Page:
Knocked these out after work the other day. As I have some of Sandvik's 630-2525 scraper blades and I didn't want to pay the going rate for a Sandvick or Dapra handle I ran up a quick one. Nothing fancy, didn't even do any chamfers on the edges. Pretty can wait. In the commercial handles the blade actually bears against two points on the outer edge of the pocket. Blade and Clamp both milled 1/2 the thickness of the blade with the clamp being milled .02 to leave a high point at the end away from the blade. Secured with a M6x1x10 Flathead Cap Screw. The other is made using a tungsten carbide tile from a decanting centrifuge. These tiles are made by VR Wesson and others to provide wear resistant surfaces on the internal conveyors. Near as I can determine the grade carbide used in these is very close to the C5 grade for cast iron. It needs to be honed some more but even roughing out on a green wheel it cuts fairly decently. We have a lot of these tiles that have been removed from machines in the course of repairs and I have had the idea kicking around for awhile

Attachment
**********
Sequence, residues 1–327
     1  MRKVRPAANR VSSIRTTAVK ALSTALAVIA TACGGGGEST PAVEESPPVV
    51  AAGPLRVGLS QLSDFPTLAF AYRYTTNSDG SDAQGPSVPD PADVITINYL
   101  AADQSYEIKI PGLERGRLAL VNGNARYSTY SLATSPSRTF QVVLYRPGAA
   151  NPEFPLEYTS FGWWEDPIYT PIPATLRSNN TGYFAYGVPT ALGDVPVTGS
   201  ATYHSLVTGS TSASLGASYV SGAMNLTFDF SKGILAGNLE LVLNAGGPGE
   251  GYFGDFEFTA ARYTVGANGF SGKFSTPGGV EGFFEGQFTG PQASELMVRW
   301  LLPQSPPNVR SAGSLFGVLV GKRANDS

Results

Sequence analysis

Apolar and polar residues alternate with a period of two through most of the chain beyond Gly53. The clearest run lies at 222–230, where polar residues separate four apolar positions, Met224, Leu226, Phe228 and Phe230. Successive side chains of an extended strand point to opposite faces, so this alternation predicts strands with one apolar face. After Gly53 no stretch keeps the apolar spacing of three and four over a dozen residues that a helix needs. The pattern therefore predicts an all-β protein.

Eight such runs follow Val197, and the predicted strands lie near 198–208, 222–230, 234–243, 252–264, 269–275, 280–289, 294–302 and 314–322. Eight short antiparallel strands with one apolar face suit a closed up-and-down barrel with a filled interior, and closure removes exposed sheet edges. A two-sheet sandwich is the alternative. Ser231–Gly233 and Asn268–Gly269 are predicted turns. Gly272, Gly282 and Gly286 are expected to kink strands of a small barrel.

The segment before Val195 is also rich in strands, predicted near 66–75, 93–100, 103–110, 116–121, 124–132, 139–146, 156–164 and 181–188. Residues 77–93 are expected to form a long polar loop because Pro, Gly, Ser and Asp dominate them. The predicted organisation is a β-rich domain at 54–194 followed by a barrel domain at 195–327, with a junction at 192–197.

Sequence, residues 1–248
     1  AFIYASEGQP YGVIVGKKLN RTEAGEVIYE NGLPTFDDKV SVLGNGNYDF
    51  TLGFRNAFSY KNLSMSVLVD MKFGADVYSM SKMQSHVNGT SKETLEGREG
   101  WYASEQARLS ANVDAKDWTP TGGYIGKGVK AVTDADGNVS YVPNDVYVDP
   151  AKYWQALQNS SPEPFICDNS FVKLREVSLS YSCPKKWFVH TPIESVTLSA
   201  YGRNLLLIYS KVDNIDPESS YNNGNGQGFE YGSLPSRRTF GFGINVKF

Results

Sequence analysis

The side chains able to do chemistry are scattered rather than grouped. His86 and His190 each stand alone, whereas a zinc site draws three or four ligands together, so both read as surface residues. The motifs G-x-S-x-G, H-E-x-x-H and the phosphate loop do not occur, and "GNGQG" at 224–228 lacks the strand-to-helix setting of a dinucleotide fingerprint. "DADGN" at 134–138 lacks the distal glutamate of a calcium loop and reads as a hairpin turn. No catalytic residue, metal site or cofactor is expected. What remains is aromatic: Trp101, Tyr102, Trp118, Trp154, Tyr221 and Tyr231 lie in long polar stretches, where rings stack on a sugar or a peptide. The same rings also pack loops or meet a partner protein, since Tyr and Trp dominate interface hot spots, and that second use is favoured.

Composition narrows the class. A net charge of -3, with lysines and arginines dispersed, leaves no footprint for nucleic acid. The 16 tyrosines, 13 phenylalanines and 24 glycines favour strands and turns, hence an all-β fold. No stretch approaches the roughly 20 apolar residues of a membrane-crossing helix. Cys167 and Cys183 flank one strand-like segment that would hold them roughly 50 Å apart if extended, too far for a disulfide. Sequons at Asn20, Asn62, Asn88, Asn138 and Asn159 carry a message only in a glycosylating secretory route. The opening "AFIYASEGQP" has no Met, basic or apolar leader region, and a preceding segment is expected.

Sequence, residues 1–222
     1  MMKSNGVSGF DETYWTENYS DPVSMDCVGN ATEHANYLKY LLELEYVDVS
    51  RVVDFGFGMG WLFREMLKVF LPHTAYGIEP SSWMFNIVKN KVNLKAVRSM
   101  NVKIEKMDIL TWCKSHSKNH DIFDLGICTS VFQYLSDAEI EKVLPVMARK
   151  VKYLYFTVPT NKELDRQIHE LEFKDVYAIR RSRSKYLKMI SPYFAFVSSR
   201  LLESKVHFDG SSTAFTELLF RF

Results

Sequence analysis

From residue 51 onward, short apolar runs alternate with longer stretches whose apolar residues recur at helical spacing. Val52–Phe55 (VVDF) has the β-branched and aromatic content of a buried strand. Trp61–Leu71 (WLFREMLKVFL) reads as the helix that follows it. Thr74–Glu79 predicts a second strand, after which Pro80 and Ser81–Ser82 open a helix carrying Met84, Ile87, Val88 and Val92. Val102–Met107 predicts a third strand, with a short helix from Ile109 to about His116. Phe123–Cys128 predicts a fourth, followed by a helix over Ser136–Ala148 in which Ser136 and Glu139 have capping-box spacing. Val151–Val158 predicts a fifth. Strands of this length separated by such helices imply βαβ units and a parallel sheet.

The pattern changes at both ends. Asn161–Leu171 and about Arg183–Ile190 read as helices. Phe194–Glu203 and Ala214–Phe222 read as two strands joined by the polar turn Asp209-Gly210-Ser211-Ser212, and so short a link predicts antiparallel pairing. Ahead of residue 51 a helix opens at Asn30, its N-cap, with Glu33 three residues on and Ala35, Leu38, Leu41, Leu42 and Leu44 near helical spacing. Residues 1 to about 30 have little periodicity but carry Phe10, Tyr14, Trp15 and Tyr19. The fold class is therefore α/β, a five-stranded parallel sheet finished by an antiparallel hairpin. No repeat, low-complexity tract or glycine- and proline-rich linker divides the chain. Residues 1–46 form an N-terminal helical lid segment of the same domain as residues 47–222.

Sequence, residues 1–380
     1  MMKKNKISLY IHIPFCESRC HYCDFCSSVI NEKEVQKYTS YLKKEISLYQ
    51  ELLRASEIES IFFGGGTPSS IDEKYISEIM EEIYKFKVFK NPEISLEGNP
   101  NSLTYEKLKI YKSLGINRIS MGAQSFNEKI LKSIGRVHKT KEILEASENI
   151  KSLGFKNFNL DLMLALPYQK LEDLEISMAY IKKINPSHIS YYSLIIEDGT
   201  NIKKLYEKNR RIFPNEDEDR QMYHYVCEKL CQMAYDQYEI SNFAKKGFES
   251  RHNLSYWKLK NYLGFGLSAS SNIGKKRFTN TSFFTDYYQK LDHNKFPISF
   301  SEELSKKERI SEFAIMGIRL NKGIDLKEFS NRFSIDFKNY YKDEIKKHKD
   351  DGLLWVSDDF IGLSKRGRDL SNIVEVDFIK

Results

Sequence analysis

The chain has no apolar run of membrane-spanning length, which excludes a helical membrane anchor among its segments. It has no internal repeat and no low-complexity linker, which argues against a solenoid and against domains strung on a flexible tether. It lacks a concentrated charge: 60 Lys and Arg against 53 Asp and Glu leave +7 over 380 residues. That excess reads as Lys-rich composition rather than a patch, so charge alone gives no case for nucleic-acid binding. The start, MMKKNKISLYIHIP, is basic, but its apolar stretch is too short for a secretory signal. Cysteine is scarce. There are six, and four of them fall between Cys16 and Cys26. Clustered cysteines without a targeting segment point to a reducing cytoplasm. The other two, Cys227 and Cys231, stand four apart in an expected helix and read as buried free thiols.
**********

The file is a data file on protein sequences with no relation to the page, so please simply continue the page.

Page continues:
Spin Doctor
                            Senior Member
                            Last edited by Spin Doctor; 04-13-2013, 12:15 AM.
                            Forty plus years and I still have ten toes, ten fingers and both eyes. I must be doing something right.

                            Comment


                            • Jess:

                              The biggest problem with the old Craftsman 3 wheel bandsaws is that the wheels are so small that they break blades much faster than a 2 wheel machine with larger wheels.

                              Rick

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                              • Originally posted by boaterri View Post
                                Jess:

                                The biggest problem with the old Craftsman 3 wheel bandsaws is that the wheels are so small that they break blades much faster than a 2 wheel machine with larger wheels.

                                Rick
                                So true. Tried welding up some .025" x 1/4 blades for a 3 wheel and they'd last about 10 times around before breaking the weld. And I welded blades all the time at work for our Do-All's
                                Forty plus years and I still have ten toes, ten fingers and both eyes. I must be doing something right.